Business Angle: What to Do When There's Not Much to Do
Professional Surveyor Magazine - April 2008
Jeff Salmon, Editor
Call it a slowdown or call it an incipient recession, many of us are experiencing the effects of an economic downturn. Those whose livelihoods are tied to land development and home construction are especially feeling the pain. When will it turn around? Here in Colorado, we are hopeful that spring of '08 will bring us a moderate recovery, while '09 will bring us back to some sense of normalcy. While certainly not immune to the housing crunch, our particular market never really experienced the rapid growth that the other hot markets, like Phoenix or the coastal areas, had seen.
As I write this, the fed has dropped the interest rate 1.25 points in the last few weeks. Home buyers are starting to react; our realtors are reporting increased traffic. Whether this translates into increased sales is yet to be seen. But as spring approaches, the snow slows down, the thermometer climbs (and interest rates decline), and we are keeping our fingers crossed.
Our belief that the future of our market space, that is land development and residential construction, will improve in the near future is not just wishful thinking. Here's what a recent study by Harvard's Center for Housing Studies said: "Over the longer term, household growth is expected to accelerate from about 12.6 million over the past ten years to 14.6 million over the next ten. When combined with projected income gains and a rising tide of wealth, strengthening demand should lift housing production and investment to new highs."
Aside from crossing your fingers, there are things you and your company can do to weather the storm. While it's true that the economy is beyond our control, many of us are taking steps to ensure the survival of our respective organizations. I don't deign to understand every company's individual situation, but I can offer some ideas.
Reduction in Labor:
This is one of the most painful of all survival tactics that businesses are forced to use to keep their boat afloat. I've been a survivor of multiple layoffs and on the receiving end once. The former wasn't fun and the latter was traumatic. In the old days the management techniques were simple:
- Identify rank and file employees with the largest wages and let them go, or
- Last hired, first fired, or
- 10 percent cut across the board at department managers' discretion.
Some alternatives to force reduction, where financially possible, include:
- Across the board wage- or work-week reductions to maintain employment levels.
- Trading time off for wages; temporary furloughs as an example.
- Part-time employment where feasible for some employees.
- Early retirement.
- Any combination of the above.
When reductions are unavoidable, many companies are thinking along lines of performance-based criteria. Those team members who are high achievers are given more consideration to continued employment.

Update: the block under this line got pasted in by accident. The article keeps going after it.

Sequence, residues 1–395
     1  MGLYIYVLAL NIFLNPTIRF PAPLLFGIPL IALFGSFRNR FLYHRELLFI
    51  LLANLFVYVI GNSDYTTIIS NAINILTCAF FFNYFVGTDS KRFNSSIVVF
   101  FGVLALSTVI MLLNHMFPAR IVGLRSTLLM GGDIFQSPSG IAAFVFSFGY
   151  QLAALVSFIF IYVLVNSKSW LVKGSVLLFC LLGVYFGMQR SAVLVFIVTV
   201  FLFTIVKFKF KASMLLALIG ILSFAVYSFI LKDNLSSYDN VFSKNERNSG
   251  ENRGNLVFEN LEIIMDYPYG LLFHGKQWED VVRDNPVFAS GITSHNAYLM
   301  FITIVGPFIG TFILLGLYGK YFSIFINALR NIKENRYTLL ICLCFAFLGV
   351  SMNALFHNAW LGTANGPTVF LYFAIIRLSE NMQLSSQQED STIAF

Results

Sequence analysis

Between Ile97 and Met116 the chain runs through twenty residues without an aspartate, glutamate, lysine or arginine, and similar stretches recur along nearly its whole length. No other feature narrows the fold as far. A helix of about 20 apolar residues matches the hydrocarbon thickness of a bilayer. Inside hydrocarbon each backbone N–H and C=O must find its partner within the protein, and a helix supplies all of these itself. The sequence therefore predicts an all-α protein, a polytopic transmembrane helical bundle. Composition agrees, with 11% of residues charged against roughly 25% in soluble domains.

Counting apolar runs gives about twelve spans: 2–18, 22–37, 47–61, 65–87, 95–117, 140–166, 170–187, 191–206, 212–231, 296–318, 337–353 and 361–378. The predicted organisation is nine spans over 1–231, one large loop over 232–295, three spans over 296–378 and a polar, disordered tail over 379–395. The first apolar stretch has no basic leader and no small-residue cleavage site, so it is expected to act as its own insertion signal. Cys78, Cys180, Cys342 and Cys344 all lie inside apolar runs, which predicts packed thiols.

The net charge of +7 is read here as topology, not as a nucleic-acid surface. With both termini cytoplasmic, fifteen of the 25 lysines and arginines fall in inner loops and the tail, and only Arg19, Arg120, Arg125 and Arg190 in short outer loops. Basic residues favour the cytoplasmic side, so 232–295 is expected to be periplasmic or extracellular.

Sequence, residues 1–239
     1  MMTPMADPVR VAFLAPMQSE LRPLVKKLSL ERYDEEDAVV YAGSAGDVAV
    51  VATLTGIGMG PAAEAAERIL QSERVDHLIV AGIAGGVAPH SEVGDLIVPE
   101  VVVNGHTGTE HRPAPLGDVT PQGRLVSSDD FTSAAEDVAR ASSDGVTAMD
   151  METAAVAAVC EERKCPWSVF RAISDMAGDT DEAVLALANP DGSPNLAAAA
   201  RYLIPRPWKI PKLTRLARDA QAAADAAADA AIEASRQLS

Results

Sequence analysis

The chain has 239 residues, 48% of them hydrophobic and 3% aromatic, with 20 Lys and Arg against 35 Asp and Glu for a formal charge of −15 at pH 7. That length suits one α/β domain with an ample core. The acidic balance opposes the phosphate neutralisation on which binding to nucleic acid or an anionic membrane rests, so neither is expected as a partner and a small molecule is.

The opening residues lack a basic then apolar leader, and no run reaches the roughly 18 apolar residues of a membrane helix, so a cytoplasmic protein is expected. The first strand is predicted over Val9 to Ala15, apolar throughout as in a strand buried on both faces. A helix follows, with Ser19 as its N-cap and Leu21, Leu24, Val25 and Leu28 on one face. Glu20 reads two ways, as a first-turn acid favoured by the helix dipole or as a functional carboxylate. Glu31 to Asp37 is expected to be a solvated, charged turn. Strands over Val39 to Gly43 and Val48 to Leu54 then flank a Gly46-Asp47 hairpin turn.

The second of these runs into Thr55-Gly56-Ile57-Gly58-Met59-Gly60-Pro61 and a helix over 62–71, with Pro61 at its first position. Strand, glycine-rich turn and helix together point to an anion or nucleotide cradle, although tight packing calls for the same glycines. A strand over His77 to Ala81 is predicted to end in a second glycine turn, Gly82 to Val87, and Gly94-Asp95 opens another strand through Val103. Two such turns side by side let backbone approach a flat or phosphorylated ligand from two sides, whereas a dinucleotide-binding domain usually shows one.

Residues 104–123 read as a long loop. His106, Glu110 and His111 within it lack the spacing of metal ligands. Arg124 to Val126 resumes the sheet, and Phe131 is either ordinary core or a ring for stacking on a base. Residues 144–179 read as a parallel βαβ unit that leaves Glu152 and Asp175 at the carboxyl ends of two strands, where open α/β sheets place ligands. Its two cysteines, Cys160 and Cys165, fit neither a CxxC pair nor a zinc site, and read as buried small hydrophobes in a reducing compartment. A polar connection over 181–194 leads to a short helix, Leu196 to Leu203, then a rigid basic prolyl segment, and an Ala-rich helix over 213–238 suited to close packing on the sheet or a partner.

As mentioned earlier, I have survived numerous layoffs and learned an important lesson in the process. After one such layoff, my manager had a meeting with me to discuss why I wasn't included in the workforce reduction. At the time I was a copywriter/public relations specialist/publications coordinator in a small marketing department for a medium- sized manufacturer. My "title" was a clue: Management had decided that they needed generalists who could perform multiple functions as opposed to narrowly focused, single-role specialists. There is a lesson here, both organizationally and individually.
As a company, are you adaptable to meet all the needs of your market? If not, what could you do to offer a wider range of land surveying services?
Are your employees cross-trained? Can your field staff perform drafting or office functions in a pinch? And vice versa? The pinch being, of course, workforce reductions or the inevitability of employees who leave for greener pastures in trying times.
As part of the above efforts, you may consider embarking on a company-wide process management program. This column introduced the concept in the July 2007 issue of this magazine: "Process Management— The Path to Profitability." While that two-part series included an overview of a high-end software package to assist companies in this endeavor, the steps detailed in those articles do not require specialized software and the attendant outlay of scare funds. Indeed, a slowdown is an ideal time to plan for the future. Many of us put off vital strategic planning due to the crush of business. Why not take the opportunity and make the best use of the extra time?
Tactical and Practical